Schools funded, vehicle tax payments due soon in northern RI


NORTH SMITHFIELD/BURRILLVILLE – With the state budget finally passed this month, municipalities across Rhode Island are now sending residents motor vehicle tax bills that feature an abbreviated timeframe for payback.

In North Smithfield, Town Administrator Paul Zwolenski issued an executive order to address the issue last week, with mandated due dates on February 15, March 15, May 15 and June 15. The administrator estimated that residents should be receiving the bills within the next two weeks.

The town of Burrillville, meanwhile, sent out estimated motor vehicle tax bills on Monday, Dec. 14, and has since announced that residents can consider those bills finalized. The first quarter payment in Burrillville is due between January 5 and January 25, with interest to be assessed on January 26.

The shortened payback period is the result of an unusual budget season that saw state legislative meetings halted due to the pandemic. Unclear on how legislators would meet statewide budget shortfalls caused by COVID-19, some towns set aside money to fund potential school deficits, and delayed mailing the motor vehicle bills, which are dependent on ongoing reimbursements from the state phaseout.

Zwolenski noted that he had hoped to make the vehicles tax payments due every other month, but that would have required passage of a state budget in November. The new budget season begins in June, and the administrator said he worries that taxpayers already suffering from a loss of income could fall behind.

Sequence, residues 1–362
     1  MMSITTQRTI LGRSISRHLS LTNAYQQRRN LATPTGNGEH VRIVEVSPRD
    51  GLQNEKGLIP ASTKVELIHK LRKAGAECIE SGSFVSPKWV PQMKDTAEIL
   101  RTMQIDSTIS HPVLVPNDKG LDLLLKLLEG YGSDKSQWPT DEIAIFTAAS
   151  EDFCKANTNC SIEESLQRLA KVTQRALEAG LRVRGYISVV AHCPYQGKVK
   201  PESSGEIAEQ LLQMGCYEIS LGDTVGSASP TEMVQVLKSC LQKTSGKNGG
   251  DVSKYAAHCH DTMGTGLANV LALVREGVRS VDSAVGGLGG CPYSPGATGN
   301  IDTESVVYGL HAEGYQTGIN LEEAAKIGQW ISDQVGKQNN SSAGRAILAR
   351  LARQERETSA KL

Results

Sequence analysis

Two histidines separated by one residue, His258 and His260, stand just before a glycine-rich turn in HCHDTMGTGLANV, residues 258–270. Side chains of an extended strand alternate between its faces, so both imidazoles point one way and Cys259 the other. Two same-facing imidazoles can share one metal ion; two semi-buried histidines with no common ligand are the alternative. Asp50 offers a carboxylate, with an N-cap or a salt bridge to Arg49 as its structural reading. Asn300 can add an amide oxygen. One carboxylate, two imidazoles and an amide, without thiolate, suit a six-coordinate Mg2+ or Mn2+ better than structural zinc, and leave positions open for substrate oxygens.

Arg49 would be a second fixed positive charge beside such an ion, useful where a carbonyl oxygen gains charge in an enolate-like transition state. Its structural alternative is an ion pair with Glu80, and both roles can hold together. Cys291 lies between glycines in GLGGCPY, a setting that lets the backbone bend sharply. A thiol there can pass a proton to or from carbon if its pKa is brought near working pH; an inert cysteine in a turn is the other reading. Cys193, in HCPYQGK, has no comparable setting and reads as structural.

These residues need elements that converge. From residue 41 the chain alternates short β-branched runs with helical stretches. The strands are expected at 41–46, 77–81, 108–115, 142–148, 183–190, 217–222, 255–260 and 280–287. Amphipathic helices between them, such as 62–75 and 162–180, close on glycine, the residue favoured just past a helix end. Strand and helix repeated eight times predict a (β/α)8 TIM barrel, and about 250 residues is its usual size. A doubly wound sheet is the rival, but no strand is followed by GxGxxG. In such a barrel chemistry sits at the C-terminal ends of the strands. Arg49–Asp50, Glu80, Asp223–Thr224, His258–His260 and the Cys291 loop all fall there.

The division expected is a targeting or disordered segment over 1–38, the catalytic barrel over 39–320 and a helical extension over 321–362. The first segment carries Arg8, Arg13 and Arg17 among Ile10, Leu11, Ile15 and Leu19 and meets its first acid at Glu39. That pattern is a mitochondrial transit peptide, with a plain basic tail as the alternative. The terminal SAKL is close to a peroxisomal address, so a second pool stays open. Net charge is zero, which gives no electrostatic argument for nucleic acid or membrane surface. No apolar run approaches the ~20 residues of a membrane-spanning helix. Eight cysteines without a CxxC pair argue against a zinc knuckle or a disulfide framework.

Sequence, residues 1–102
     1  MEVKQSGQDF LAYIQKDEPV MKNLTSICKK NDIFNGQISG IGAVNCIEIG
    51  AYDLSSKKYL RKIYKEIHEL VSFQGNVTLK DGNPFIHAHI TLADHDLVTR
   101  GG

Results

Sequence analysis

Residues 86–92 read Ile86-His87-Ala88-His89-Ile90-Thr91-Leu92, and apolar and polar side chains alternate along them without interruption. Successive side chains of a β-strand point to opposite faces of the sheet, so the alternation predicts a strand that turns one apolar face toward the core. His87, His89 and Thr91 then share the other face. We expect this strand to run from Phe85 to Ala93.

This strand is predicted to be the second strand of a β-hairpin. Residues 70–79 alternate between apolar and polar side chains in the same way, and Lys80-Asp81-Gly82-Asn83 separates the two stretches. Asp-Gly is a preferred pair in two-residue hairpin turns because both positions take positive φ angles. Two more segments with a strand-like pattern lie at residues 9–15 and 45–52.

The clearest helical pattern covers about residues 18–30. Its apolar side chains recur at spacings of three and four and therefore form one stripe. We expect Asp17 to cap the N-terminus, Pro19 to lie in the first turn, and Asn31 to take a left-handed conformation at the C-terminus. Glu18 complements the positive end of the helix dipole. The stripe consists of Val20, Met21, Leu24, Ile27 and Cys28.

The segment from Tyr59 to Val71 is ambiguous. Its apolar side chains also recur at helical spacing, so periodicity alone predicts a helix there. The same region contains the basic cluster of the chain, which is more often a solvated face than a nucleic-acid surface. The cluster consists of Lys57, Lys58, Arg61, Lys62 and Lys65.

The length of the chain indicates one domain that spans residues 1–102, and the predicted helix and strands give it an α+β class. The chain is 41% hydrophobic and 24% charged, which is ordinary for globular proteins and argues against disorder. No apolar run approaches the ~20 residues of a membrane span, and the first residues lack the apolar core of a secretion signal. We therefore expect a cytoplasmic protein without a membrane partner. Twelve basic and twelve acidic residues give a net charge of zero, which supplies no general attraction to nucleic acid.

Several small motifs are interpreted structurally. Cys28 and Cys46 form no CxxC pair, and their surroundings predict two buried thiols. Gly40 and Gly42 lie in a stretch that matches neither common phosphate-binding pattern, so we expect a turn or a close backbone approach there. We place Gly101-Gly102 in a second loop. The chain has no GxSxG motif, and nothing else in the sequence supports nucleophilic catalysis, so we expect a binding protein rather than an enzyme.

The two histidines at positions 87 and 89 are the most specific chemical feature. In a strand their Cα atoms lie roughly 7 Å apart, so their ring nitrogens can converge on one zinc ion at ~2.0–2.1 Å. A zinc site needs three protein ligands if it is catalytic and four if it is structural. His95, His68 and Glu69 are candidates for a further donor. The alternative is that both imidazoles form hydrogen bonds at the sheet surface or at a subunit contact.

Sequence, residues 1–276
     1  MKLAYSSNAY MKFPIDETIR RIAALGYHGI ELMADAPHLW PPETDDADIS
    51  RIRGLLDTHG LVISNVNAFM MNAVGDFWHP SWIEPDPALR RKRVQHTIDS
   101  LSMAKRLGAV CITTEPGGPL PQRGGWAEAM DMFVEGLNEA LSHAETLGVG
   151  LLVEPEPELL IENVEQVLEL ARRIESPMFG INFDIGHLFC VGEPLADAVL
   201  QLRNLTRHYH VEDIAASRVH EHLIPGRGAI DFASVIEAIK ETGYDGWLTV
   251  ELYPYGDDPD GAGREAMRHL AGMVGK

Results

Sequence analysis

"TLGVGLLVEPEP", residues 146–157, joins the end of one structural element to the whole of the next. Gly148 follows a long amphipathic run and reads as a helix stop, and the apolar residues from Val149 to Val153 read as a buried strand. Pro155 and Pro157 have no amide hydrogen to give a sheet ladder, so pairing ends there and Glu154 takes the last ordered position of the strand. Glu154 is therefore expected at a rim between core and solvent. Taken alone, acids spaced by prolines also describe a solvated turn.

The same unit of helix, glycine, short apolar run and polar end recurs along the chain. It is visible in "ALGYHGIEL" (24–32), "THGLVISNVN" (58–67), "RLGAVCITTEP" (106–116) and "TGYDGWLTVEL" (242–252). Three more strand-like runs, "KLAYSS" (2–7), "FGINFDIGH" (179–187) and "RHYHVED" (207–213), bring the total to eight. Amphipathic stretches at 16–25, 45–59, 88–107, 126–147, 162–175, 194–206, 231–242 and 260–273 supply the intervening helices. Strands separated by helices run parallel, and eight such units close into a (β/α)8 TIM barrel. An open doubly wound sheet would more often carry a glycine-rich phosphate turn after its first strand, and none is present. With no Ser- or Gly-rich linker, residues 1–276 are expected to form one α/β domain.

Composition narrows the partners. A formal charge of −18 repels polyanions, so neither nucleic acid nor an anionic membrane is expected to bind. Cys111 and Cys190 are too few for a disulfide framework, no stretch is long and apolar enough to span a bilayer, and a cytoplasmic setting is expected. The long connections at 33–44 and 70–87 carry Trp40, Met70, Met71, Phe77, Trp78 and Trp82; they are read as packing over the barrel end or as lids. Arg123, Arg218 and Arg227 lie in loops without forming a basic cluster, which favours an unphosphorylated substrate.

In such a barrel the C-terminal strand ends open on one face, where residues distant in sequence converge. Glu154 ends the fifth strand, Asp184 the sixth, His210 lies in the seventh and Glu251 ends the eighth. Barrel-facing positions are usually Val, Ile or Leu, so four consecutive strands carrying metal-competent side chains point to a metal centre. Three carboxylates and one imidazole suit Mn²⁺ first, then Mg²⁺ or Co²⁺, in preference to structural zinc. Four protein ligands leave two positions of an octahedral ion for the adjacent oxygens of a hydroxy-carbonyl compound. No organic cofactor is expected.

“Unfortunately, the state didn’t approve of this until December,” Zwolenski said. “Residents were made aware that vehicle excise taxes were going to be delayed, but I’m still concerned. Hopefully people set aside money.”

A notice sent out by Burrillville Deputy Tax Collector Diane Vadenais notes that motor vehicle taxes not paid by the adjusted quarterly due dates will be subject to a 12 percent penalty per annum.

“Failure to receive a tax bill does not excuse anyone from paying taxes and any related interest,” Vadenais noted. “We thank you for your patience during these difficult times.”

North Smithfield Finance Director Cynthia DeJesus noted that vehicle taxes are determined by several elements in a seven-year phase out plan, using retail value as reported by the National Automobile Dealers Association.

“If you look at the law, it’s actually pretty complicated,” DeJesus said.

Passage of the state budget has allayed some concerns regarding the funding of northern Rhode Island schools, thanks to a fiscal plan signed by Gov. Gina Raimondo on Monday, Dec. 21  that includes the expected increases in aid for education.

“We were fully funded for the schools, and that’s something we were really concerned with,” Zwolenski said.

As a result, town officials in some communities now have a bit of wiggle room to potentially fund items cut from initial municipal budgets passed earlier this year.

The North Smithfield Town Council is expected to revisit the budget at an upcoming meeting and decide which items to fund after putting some $940,000 in a contingency account for schools cutting from line items including capital funds, OPEB contributions and the DPW allocation.

“I know President Beauregard is really enthusiast about bringing this forward,” Zwolenski said of the available funding. “In my opinion, the money should go back to those departments.”

Both towns, meanwhile recommend that vehicle tax bills be paid by mail, dropbox or the online systems, as town offices continue to offer only limited in-person traffic.

Questions for the Burrillville Tax Assessor, including inquiries from residents who haven’t received bills, should be directed to (401) 568-4300 Ext 181. Appeals of motor vehicle assessments must be made in writing within 45 days from the mail out date.

North Smithfield residents can call town offices at (401) 767-2200 ext. 301 and will be directed to the correct department.

Town tax offices can also set up payment agreements or automatic payment deductions.

In both towns, it’s an unusual process resulting in rushed action in an unprecedented year.

“It’s going to be sooner rather than later,” Zwolenski said of North Smithfield’s mail out. “We want people to be aware that they’re coming.”

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